The fluid issuing from the active surface should emerge as a multiplicity of tiny gas jets of such size, number and distribution that the individual jets diffuse laterally and merge into a gaseous flow continuum, proceeding perpendicularly away from the surface, before it has penetrated an appreciable distance, into the anode fall space. This situation assures maximum exposure of the fluid to the high energy density of the fall space, and more importantly, will influence the character of the arc discharge so as to focus a major fraction of the energy into the fall space, in the region where the gas continuum forms, with the net result that the gas absorbs a large portion of the energy that would otherwise be carried into the anode surface. In this case the transpiration fluid behaves analogously to the continuous vapor stream arising from the active anode surface of the consumable-anode hierarc, insofar as its interaction with the counterfiux of high speed electrons in the anode fall space is concerned.
The crucial factor in the technique embodied in this invention is the rapid formation of a gas continuum from the discrete emerging jets of transpiration fluid. Further, this must occur early enough in the period of transit through the fall space so that a large percentage of the fluid molecules will have the oportunity to collide with current-carrying electrons after the latter have been significantly accelerated by the high potential gradient which exists only in the fall space.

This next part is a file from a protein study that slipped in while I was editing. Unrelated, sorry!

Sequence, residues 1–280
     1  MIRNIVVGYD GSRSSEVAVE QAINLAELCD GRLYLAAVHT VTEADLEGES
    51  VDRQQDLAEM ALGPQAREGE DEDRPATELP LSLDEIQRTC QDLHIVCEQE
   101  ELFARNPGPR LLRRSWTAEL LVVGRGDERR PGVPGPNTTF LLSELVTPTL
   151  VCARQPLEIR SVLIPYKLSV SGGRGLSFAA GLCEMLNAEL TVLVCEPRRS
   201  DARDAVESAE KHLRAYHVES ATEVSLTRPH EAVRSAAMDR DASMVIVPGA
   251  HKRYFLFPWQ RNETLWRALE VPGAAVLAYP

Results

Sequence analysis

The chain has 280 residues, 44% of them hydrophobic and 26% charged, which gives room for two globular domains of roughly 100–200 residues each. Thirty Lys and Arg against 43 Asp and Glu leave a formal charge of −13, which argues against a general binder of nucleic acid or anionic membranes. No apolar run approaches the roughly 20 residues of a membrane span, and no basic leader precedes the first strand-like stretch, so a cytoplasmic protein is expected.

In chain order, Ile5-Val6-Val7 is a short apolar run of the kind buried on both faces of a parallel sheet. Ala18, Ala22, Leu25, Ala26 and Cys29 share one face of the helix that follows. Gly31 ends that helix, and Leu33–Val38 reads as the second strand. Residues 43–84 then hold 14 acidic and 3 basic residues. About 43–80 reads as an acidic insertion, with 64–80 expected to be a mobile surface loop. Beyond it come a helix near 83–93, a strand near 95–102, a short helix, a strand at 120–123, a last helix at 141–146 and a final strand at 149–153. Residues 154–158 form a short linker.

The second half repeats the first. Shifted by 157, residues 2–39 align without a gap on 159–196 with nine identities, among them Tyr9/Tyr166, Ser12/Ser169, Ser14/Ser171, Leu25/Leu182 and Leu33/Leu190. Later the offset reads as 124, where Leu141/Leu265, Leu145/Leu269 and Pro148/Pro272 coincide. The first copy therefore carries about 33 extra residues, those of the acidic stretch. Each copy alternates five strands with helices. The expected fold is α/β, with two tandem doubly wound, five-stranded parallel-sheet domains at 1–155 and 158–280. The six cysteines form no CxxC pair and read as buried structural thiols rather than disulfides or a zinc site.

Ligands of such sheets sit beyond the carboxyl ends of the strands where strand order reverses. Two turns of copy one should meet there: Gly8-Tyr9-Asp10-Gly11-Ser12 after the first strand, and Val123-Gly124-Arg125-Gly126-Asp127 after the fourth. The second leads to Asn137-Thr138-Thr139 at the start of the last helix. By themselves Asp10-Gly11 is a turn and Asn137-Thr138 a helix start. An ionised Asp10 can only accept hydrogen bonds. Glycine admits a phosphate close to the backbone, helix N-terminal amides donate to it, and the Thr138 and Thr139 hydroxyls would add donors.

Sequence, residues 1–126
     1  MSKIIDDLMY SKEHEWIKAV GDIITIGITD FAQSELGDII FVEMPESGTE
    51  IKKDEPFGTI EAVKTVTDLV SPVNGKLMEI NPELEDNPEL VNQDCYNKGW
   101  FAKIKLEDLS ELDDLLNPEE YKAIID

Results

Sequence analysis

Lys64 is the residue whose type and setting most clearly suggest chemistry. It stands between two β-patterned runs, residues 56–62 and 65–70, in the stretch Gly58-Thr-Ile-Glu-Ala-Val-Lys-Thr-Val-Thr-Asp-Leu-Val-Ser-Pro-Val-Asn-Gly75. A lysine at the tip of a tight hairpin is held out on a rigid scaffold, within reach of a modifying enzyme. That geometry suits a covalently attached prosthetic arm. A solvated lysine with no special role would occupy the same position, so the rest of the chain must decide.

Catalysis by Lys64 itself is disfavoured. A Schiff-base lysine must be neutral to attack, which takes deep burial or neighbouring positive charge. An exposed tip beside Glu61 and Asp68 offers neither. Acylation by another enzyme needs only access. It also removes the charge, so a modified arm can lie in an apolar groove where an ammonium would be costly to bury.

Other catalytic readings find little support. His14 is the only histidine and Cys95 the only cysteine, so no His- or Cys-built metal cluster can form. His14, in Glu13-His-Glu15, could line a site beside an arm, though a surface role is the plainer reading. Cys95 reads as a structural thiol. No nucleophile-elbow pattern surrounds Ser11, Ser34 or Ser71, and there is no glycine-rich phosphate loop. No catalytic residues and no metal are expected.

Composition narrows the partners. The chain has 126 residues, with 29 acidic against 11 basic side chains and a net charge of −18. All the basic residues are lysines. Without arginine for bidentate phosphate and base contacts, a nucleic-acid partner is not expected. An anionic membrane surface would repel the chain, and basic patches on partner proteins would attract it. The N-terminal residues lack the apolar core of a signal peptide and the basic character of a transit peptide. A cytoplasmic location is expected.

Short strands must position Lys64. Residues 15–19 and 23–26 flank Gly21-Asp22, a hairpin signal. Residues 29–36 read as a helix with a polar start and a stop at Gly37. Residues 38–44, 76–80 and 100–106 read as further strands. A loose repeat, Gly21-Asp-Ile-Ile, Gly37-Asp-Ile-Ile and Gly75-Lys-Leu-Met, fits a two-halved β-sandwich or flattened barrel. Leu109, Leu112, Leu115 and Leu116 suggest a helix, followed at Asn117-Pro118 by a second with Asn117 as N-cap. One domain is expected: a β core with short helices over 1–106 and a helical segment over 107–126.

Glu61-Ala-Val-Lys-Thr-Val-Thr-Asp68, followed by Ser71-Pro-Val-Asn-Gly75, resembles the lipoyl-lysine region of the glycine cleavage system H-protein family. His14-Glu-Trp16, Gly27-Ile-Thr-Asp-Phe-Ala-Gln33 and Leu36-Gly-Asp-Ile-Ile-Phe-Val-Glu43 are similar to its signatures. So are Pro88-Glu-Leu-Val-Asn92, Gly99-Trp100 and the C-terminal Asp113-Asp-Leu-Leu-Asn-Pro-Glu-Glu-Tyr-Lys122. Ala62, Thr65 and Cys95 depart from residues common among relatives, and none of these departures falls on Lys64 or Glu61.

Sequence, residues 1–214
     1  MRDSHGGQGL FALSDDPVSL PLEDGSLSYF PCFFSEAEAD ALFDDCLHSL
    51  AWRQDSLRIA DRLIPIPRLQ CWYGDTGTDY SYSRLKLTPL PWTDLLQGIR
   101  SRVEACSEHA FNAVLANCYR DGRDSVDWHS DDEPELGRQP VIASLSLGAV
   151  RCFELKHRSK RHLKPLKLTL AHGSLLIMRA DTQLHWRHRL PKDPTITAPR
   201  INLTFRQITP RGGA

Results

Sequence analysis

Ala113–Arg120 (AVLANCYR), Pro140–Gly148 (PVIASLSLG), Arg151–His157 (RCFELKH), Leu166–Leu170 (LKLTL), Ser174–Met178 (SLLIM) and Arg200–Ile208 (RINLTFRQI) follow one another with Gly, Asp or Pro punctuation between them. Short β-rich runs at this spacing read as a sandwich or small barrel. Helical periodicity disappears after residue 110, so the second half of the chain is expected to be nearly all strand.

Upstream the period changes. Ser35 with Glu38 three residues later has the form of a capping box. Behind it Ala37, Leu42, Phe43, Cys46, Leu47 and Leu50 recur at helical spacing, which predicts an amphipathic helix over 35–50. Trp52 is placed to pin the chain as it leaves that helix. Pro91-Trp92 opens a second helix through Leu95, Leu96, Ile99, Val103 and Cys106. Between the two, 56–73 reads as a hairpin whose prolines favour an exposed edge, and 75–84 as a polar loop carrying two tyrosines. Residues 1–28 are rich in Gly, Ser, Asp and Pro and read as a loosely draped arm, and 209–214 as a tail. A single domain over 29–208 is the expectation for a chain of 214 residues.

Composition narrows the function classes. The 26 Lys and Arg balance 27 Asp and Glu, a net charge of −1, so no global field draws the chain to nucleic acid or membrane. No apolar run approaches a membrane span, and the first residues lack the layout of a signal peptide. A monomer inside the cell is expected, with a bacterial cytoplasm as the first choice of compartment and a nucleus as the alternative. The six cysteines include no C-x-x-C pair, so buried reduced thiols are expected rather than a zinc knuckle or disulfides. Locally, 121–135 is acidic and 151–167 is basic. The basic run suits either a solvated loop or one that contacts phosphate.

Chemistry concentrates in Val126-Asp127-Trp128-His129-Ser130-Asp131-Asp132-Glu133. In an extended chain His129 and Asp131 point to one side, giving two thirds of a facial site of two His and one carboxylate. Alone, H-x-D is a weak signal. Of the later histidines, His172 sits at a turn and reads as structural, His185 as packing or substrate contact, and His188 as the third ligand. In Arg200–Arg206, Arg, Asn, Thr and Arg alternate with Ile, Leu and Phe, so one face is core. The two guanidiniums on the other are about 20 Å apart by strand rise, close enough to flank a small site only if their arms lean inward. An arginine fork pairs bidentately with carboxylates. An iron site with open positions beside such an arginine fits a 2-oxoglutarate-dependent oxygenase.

The inventors have determined that the following operating criteria are necessary in order to establish this condition in practice, or, having established this condition, to optimize the performance of the device in terms of its energy transfer properties.
First, the fluid must be injected into the zone only by transpration through a porous anode, as described above. This method of injection not only cools the anode by convective heat transfer to the transpiring fluid within the porous body, but also causes such transferred heat to be usefully absorbed by the working fluid, preheating it to a certain degree before it is energized in the are itself. The amount of energy represented by such preheating would be largely wasted by any other method of injection. Further, if the injected fluid is normally in the liquid state, the preheat energy can be utilized to advantage in converting the liquid to a gas before it emerges into the fall space. It is essential that the fluid issue from the porous anode in the gaseous state, since it is only in this state that the desired flow continuum can be formed by lateral diffusion in a distance small compared to the anode fall space thickness.
Second, the active anode area must be integrally congruent with the surface of emergence of the transpiration fluid. In other words, the current-receiving surface of the anode and the surface containing the multiplicity of exit pores should coincide. If the anodic terminus covers any part of the non-porous supporting structure, then some of the are energy will be absored by the anode without coming into contact with the emerging gas stream, and will therefore be wasted. Conversely, if the active anode area does not cover the entire surface of the porous plug, then some of the emerging gas will not pass through the arc discharge and will therefore not be directly energized. The unexposed portion of the emergent gas will then mix with and cool the energized portion, thus reducing the temperature of the resultant plasma jet.